Temple Emanuel (Davenport, Iowa)

Temple Emanuel is a Reform synagogue located on the east side of Davenport, Iowa, United States. Organized in 1861, it is the oldest Jewish congregation in Iowa. It is affiliated with the Union for Reform Judaism (UAHC).

Temple Emanuel
Temple Emanuel, Davenport, Iowa.jpg
Mississippi Avenue facade
Religion
AffiliationReform Judaism
LeadershipRabbi Linda Bertenthal; Rabbi Henry Jay Karp, Emeritus; Cantor Gail Posner Karp, Emerita
StatusActive
Location
Location1115 Mississippi Avenue
Davenport, Iowa
 United States
Geographic coordinates41°31′55″N 90°33′12″W / 41.532°N 90.55321°W / 41.532; -90.55321Coordinates: 41°31′55″N 90°33′12″W / 41.532°N 90.55321°W / 41.532; -90.55321
Architecture
Architect(s)Percival Goodman
StyleMid Century Modern
Groundbreaking1952
Completed1953
Construction cost$375,000
MaterialsBrick and Concrete
Website
qctemple.org

In the 1830s, a dozen Jews were among the first residents of Davenport, and the synagogue was established after substantial numbers of Jews from Germany settled there in the 1850s. The congregation began with an Orthodox rabbi, but they soon embraced the Reform movement, as well as services in English rather than in German. In 2021, they entered into a sharing agreement with Congregation Beth Israel, and the two share a joint home called the Beit Shalom Jewish Community.

HistoryEdit

Among the first 500 residents of Davenport in the late 1830s and early 1840s were 12 people who were Jewish.[1] There was no attempt to organize a congregation until more substantial numbers immigrated from Germany in the 1850s. Mount Nebo Cemetery, adjacent to Pine Hill Cemetery, was organized at that time. By 1860 there were eleven Jewish families in town.[2] On October 21, 1861 they organized the B'nai Israel congregation,[3] the first Jewish congregation to organize in the state of Iowa.[1] In 1862 they rented the third floor of the building where the Forrest Block now stands for use as a synagogue. The constitutions and by-laws were accepted and approved on December 6, 1862.[3] The congregation floundered somewhat in its early years until it was more fully organized in 1874.[2]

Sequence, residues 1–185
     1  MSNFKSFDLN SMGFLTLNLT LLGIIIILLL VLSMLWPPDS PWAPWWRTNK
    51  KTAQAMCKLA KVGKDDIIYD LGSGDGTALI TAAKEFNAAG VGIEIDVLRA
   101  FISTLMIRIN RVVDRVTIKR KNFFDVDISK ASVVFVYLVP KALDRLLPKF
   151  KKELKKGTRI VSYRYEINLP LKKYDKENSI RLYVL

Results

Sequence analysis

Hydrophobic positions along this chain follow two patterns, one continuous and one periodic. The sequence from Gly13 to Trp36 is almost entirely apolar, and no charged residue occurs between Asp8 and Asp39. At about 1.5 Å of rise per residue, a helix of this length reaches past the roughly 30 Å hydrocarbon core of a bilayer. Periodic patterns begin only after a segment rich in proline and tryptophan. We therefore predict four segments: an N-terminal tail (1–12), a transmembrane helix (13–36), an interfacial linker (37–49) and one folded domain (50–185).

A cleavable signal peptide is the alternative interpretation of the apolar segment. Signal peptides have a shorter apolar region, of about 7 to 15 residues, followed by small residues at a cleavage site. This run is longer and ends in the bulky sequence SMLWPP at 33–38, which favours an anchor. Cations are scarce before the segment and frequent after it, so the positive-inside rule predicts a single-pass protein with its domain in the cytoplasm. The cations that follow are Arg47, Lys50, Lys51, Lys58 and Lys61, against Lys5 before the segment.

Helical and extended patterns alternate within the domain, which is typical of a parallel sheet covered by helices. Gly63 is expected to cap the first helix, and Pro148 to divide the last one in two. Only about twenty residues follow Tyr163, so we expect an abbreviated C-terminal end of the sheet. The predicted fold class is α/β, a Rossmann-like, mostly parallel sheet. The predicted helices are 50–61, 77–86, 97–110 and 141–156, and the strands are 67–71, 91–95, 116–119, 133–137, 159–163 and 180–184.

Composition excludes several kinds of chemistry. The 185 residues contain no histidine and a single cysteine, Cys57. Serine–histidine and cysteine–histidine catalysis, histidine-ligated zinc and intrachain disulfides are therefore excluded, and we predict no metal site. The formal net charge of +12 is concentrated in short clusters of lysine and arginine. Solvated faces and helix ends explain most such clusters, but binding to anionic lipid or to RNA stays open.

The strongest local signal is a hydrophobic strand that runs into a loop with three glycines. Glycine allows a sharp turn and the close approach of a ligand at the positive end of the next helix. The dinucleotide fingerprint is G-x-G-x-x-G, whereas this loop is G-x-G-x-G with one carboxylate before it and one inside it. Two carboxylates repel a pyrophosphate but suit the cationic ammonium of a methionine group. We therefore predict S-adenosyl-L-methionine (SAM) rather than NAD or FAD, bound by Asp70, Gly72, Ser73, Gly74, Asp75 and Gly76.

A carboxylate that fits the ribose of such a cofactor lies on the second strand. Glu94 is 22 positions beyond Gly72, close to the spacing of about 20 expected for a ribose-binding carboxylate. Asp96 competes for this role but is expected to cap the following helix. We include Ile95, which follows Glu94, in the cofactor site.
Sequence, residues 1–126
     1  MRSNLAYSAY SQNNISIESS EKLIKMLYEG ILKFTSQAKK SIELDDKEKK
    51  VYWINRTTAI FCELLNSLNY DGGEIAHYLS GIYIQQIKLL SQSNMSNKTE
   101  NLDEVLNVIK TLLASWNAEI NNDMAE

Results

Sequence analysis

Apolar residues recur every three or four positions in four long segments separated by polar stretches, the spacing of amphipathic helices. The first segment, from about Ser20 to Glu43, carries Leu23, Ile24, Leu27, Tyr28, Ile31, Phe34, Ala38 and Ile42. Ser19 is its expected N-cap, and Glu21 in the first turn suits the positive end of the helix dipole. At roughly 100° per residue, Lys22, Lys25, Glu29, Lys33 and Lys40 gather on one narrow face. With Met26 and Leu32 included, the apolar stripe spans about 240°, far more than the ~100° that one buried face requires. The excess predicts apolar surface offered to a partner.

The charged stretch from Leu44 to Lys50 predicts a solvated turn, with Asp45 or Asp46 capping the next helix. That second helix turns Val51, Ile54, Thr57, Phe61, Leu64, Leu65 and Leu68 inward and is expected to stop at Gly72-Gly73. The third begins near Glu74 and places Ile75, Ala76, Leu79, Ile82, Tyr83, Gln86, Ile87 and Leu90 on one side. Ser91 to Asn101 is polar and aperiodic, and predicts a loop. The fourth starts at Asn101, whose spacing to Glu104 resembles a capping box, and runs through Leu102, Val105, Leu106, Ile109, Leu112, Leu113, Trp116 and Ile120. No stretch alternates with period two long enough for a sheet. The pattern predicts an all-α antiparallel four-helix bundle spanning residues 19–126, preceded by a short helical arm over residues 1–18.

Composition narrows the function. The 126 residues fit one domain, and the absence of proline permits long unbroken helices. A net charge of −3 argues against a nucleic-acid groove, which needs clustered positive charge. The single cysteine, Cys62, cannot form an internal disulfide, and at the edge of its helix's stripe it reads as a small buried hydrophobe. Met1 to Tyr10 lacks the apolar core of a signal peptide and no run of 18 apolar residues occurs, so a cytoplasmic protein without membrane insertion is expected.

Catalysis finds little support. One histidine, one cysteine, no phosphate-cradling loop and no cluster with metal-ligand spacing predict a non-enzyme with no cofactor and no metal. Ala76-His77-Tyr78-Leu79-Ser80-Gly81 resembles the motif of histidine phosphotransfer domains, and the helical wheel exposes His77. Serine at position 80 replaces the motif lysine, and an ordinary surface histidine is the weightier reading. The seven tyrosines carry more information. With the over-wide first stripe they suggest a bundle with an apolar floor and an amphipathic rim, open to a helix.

Rabbi Isaac Fall, who was Orthodox, led the community for 15 years in the late 19th century. It was during this time that the congregation began to embrace the Reform movement. Women were accepted on an equal basis with men and men did not have to cover their heads during worship.[2] Dissention was also caused when services were held in English rather than German. The congregation officially affiliated with the Union of American Hebrew Congregations (UAHC) in 1879, just six years after it formed.[3] The first synagogue was built under Rabbi Fall's leadership in 1885 on Ripley Street, across the street from the Scott County Courthouse. It was named Temple Emanuel. The Orthodox formed their own congregation, B'nai Ameth, in 1894. They did not, however, have a regular rabbi until 1907 nor a synagogue of their own until 1909. With the death of its lay leader, Harry Lipsman, the Orthodox congregation closed in 1963. By 1900 there were about 50 Jewish families in Davenport.[1]

A second Temple Emanuel was built at Brady and Eleventh Streets in 1906. Newspaper publisher E.P. Adler helped the congregation through the Great Depression years. In 1944 the city block at Twelfth Street and Mississippi Avenue was purchased by the congregation. The third synagogue was built from 1952-1953 for $375,000.[1] ($3.63 million in present-day terms[4]). New York City architect Percival Goodman, a leading theorist of modern synagogue design, designed the building in the Modern architectural style.[5][6] In 2011 when they celebrated their 150th anniversary, Temple Emanuel counted 150 families in its congregation.[1]